It’s the end of the first week of fall, and while the past couple of weeks have been chilly-ish, this weekend has been decidedly summer-like, and the forecast for the coming week is calling for more of the same. Still, the mornings are beautiful and golden, and the Harvest Moon on Friday night was huge and bright, and we usually get one last kick at summer weather before it settles into fall weather, so I guess this is it.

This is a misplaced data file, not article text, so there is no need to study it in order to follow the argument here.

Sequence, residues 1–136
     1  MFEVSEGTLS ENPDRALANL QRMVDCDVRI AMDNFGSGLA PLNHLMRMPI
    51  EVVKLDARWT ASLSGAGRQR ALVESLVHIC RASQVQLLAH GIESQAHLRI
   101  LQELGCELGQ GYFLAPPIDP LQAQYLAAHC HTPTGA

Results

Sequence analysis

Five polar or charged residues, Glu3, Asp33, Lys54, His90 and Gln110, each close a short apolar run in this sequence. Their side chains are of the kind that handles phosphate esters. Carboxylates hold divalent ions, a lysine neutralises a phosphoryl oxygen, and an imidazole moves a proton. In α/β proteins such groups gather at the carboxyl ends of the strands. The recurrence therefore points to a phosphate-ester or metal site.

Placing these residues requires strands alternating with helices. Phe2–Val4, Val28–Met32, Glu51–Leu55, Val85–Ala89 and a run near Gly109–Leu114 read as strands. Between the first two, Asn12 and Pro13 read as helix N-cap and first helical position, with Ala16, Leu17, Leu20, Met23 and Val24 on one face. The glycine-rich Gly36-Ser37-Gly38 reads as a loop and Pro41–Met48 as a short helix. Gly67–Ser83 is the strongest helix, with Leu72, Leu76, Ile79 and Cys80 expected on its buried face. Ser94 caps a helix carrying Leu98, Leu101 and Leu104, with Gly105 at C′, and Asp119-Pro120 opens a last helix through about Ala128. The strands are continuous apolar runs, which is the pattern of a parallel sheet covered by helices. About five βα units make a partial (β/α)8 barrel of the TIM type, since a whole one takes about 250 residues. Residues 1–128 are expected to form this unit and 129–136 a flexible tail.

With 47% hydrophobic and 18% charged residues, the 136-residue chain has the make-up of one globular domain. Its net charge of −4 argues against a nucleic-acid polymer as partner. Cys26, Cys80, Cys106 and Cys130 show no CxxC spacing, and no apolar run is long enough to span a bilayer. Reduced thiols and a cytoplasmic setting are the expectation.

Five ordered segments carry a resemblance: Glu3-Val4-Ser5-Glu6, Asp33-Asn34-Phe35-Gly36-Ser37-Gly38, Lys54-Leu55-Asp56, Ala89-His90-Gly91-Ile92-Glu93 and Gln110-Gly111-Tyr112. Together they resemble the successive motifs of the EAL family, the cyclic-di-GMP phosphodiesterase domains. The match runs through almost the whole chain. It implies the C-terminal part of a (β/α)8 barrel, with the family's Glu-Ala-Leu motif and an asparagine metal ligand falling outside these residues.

My book club is meeting in a couple of weeks to discuss Ali Smith’s novel Autumn, and since the book club has grown since making up this list, I noticed that the libraries probably won’t’ have enough copies for everyone, so I read my copy this past week and have offered it to others if they need to borrow it. I read this about five years ago, and here’s what I said in my post of September 30, 2018: